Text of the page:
Eat This: Strong Arm Baking Co.’s Chocolate Chess Tart | Eat This | Indy Week

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Eat This: Strong Arm Baking Co.’s Chocolate Chess Tart

The delectable confection adds booze to a decadent heirloom recipe.

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A Strong Arm Baking regular heads to the farmers market to buy a chocolate chess tart, but by the time she arrives they're gone. Julia Blaine, who started the micro-bakery in 2014, just donated the last one to an auction for Farmer Foodshare. So the regular books it to the auction and begins bidding. She wins the tart—for $100.

If you're early enough to the Eno River or Wake Forest Farmers Market—both on Saturdays from 10 a.m. to noon—you can win one yourself for way less. An eight-inch tart sells for twenty-four dollars. The petite, personal size goes for six.

Strong Arm's selection mirrors the seasons—from blackberry turnovers and tomato pies in the summer to brandied apple cakes and butternut-sage pastries in the fall—but the chocolate chess tarts are evergreen. Blaine says she adjusted the schedule because customers kept coming back for them. Now they're available at the markets every week, as well as via special order and Strong Arm's Thanksgiving menu, both online.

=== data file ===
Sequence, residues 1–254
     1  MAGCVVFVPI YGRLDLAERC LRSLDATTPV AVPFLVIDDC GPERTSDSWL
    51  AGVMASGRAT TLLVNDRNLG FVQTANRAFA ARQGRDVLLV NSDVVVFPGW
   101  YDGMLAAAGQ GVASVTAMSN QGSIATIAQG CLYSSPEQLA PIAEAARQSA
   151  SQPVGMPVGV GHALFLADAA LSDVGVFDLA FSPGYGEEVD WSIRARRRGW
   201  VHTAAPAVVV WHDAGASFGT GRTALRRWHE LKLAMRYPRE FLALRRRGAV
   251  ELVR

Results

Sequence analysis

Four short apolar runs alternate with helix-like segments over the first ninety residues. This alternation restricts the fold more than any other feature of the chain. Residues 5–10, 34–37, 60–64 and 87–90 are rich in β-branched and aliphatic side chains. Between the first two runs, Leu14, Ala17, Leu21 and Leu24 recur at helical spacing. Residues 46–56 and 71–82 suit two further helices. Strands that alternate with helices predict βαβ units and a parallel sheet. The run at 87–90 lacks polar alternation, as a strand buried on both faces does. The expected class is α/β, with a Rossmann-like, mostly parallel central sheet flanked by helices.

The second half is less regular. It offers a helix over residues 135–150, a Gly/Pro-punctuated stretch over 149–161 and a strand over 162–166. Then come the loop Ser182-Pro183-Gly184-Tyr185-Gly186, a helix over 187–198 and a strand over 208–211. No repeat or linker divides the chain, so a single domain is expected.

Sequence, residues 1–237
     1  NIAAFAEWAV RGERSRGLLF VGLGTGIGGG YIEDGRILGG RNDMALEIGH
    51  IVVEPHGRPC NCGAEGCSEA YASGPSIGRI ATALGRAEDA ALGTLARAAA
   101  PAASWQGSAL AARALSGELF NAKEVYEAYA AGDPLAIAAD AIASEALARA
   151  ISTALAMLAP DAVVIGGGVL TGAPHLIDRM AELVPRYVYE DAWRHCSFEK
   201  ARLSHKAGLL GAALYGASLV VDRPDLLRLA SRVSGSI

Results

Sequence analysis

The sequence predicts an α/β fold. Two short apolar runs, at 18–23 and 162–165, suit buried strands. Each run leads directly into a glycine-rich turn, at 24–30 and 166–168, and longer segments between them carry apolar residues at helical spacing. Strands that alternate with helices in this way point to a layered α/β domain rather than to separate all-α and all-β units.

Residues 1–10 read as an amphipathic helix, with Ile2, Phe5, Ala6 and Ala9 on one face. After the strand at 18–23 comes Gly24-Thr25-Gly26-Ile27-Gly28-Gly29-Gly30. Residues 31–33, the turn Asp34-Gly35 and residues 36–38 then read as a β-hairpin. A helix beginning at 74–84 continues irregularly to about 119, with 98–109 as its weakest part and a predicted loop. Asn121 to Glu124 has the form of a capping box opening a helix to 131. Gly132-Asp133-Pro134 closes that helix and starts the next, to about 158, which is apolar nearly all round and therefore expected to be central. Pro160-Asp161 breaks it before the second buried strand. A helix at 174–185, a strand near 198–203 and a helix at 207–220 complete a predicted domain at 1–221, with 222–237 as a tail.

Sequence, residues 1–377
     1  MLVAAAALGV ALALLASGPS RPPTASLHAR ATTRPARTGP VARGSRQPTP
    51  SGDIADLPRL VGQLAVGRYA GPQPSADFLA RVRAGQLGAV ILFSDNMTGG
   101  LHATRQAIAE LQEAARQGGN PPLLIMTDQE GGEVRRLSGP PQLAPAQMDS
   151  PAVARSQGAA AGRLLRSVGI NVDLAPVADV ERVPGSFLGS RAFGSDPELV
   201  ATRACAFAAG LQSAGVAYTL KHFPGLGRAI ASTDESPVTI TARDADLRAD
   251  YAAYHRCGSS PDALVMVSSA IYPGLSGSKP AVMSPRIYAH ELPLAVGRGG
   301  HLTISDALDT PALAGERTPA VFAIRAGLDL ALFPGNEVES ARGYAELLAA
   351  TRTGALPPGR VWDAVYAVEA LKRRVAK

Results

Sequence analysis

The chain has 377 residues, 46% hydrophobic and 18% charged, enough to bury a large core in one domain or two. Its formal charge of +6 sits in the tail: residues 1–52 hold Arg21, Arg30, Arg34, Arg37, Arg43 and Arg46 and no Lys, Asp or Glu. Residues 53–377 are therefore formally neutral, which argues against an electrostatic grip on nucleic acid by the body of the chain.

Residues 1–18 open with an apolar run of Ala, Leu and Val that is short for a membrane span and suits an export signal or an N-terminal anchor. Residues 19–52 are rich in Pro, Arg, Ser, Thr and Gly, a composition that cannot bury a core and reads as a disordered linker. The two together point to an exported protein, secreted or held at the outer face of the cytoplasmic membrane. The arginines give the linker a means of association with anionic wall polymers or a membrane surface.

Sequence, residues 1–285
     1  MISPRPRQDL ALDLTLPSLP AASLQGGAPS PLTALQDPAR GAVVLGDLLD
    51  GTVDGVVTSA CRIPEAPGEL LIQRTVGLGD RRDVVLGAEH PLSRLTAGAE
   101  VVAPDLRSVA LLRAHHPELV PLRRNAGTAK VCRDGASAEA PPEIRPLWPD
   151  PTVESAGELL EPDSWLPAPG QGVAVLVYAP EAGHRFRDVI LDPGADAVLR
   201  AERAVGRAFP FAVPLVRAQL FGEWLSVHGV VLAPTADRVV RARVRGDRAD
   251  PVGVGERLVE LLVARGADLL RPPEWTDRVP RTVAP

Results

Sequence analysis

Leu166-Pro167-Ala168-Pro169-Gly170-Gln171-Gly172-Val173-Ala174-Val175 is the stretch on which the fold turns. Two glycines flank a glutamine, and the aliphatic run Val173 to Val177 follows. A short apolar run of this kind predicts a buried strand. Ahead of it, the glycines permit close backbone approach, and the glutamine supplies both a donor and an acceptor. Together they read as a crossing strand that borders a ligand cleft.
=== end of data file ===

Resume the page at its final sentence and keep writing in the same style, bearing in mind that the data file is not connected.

What's not available is the recipe. That, Blaine says, is a family secret.

"It was my mother-in-law Jean's recipe to start. Then it got churched up." In other words? "Booze," she laughs.

Blaine and her husband, Thomas, were childhood best friends before falling in love and becoming each other's "partner in everything." Thomas built his wife the wood-fired masonry oven that sparked the breads and pastries to eventually launch Strong Arm. And Blaine's passion for baking—honed by her years at La Farm in Cary and Scratch in Durham—turned her husband into a baker himself. He previously served as a U.S. Marine and wildland firefighter before realizing his knack for croissants.

Both are now full-time with Strong Arm, which means their house is as much a home as it is a bakery. Convection ovens share space with colossal mixers, fridges are stuffed with butter blocks, and speed racks are stacked with tart shells. Amid it all, on a floury work bench, Blaine keeps her tattered, splattered recipe notebook tucked away.

Press her enough at a farmers market and she will confess a few ingredients: sunny-yolked eggs from pasture-raised chickens, sourced from her sister-in-law. Thick, local cream. Sixty-percent dark chocolate. Lots of bourbon. The effect is something like a drunk brownie, or devouring a brownie while drunk: gooey, fudgy, crackly, happy.

According to Blaine, the recipe bloomed through many versions until, one day, her mother-in-law tried a bite and blurted, "That's it! No more. This is it."

Even as the tart builds a following, Blaine always remembers its first fan.

"We very, very rarely have one left," she says. "But if we do? It goes to Jean."

This article appeared in print with the headline "Heavy Lifting."

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